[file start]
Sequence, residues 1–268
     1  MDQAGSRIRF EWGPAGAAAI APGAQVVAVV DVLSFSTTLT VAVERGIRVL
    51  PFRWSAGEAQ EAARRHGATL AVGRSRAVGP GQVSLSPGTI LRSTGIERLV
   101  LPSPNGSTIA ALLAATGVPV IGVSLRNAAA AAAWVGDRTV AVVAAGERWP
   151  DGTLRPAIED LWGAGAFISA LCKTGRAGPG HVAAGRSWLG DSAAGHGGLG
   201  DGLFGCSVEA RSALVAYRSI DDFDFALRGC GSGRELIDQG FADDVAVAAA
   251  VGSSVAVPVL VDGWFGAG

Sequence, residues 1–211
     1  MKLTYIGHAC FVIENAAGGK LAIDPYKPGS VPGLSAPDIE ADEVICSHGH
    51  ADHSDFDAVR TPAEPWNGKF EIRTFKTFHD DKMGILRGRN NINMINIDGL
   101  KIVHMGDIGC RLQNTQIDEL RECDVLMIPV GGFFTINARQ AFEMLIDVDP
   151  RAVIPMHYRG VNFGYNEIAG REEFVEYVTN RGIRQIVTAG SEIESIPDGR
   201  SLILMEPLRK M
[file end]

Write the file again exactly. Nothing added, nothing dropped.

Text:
Sequence, residues 1–268
     1  MDQAGSRIRF EWGPAGAAAI APGAQVVAVV DVLSFSTTLT VAVERGIRVL
    51  PFRWSAGEAQ EAARRHGATL AVGRSRAVGP GQVSLSPGTI LRSTGIERLV
   101  LPSPNGSTIA ALLAATGVPV IGVSLRNAAA AAAWVGDRTV AVVAAGERWP
   151  DGTLRPAIED LWGAGAFISA LCKTGRAGPG HVAAGRSWLG DSAAGHGGLG
   201  DGLFGCSVEA RSALVAYRSI DDFDFALRGC GSGRELIDQG FADDVAVAAA
   251  VGSSVAVPVL VDGWFGAG

Sequence, residues 1–211
     1  MKLTYIGHAC FVIENAAGGK LAIDPYKPGS VPGLSAPDIE ADEVICSHGH
    51  ADHSDFDAVR TPAEPWNGKF EIRTFKTFHD DKMGILRGRN NINMINIDGL
   101  KIVHMGDIGC RLQNTQIDEL RECDVLMIPV GGFFTINARQ AFEMLIDVDP
   151  RAVIPMHYRG VNFGYNEIAG REEFVEYVTN RGIRQIVTAG SEIESIPDGR
   201  SLILMEPLRK M